Arts Amid Chaos

The COVID-19 pandemic brought many challenges to Suffield Academy, and it particularly affected the arts. Live performances became impossible in the era of social distancing, and the Performing Arts department had to figure out a way to perform with no audience. The pandemic also affected the visual arts, as various exhibitions and masterclasses became so much harder to conduct. Nevertheless, with the huge effort of faculty and students, Suffield in the pandemic did have arts.

In a normal school year, Suffield’s Performing Arts Center is packed whenever there is a show. Hundreds of people pour in through the lobby and find their seats while eating snacks and talking in anticipation of the performance. Then, when the curtain opens, a special atmosphere is created, with performers feeling the energy of the audience and therefore giving a better show than ever before in rehearsal. Being in the theater at that moment feels magical, whether you are a performer or a spectator. With the pandemic, this experience became impossible to recreate.

Instead, the smaller performances were recorded through Zoom, and the big shows, such as the fall play Clybourne Park, the Dance Show, or the spring musical Pippin, were performed on stage and live-streamed. In order to return the feeling of normal performances, the Performing Arts Department sought out every opportunity to have an audience of any size. As a result, about twenty people, mostly advisors, attended the Dance Show in February, and, by the time it was time for Pippin went up in May, each cast member had an opportunity to bring in two spectators, and many parents were able to see their child perform. The audience of about forty people was very refreshing after a year of nothing, and the show turned out great. Still, the Performing Arts department is excited to have a full audience for upcoming shows in the new school year.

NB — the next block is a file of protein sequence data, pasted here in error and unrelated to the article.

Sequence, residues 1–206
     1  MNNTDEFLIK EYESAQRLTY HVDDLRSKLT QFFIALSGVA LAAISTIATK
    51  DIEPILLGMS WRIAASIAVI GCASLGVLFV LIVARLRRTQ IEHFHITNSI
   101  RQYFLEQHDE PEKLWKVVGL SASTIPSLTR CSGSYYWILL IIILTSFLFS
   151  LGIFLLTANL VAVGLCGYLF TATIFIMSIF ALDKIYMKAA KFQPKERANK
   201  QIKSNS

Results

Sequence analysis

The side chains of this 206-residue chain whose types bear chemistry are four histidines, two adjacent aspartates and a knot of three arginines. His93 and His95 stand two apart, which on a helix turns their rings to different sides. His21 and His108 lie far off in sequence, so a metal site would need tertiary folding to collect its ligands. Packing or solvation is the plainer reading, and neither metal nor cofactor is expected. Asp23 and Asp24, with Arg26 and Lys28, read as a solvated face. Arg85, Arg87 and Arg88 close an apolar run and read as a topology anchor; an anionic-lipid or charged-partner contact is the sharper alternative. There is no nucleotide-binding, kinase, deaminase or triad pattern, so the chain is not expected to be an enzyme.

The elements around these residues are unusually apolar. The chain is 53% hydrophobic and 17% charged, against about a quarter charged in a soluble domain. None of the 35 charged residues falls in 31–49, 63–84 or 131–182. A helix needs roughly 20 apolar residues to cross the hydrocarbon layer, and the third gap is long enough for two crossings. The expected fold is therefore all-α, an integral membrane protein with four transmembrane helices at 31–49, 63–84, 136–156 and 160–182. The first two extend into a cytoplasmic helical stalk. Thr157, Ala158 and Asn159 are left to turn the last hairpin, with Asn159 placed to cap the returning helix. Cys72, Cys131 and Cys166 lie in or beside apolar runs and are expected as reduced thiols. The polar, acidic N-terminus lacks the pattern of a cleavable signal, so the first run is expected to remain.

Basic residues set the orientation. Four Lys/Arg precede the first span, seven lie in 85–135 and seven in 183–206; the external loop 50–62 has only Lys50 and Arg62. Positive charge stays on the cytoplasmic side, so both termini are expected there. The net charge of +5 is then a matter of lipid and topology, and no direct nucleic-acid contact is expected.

The biggest event for the arts in the 2020-2021 school year was the Arts Festival held in May. Due to an inability to have a big audience indoors, the Festival was held on the Stiles, stretching from Brewster Hall to Tisch Field House and including all kinds of arts, both visual and performing. The top of Stiles was used as a stage, with spectators standing and sitting around it. The visual artists settled on both sides of the hill, each presenting their work in a separate tent. At the bottom of Stiles, there was a movie projector, showcasing the student-made films.  The Arts Festival was a huge success, and a lot of positive feedback made it clear that it might become an annual event.

There is no denying that the 2020-2021 year was a challenging year for the arts as restrictions severely affected both the abilities to create and enjoy art. Still, the Performing Arts again made a great showing at the CT Halo Award and the Sondheim Award ceremonies with many students and faculty receiving accolades [see the list below]. Additionally, it was rewarding that Suffield’s students and faculty were eager to invest in arts and do the best they could. After all, the pandemic has been a great learning opportunity, as well as a reminder for everyone to be grateful for everyday unrestricted things that are coming back to Suffield in the new academic year.

Suffield Academy 2021 CT Halo Award Winners
Best Chorus – Pippin
Fearless Award – Clybourne Park
Best Performance by a Leading Actress in a Musical – Naila Gomez ’21 as Leading Player in Pippin
Best Performance by a Supporting Actor in a Musical – Eli Wiener ’22 as Charlemagne in Pippin

Suffield Academy 2021 Stephen Sondheim Awards
Best Choreography – Ally Rocco & Caroline Bauchiero for Pippin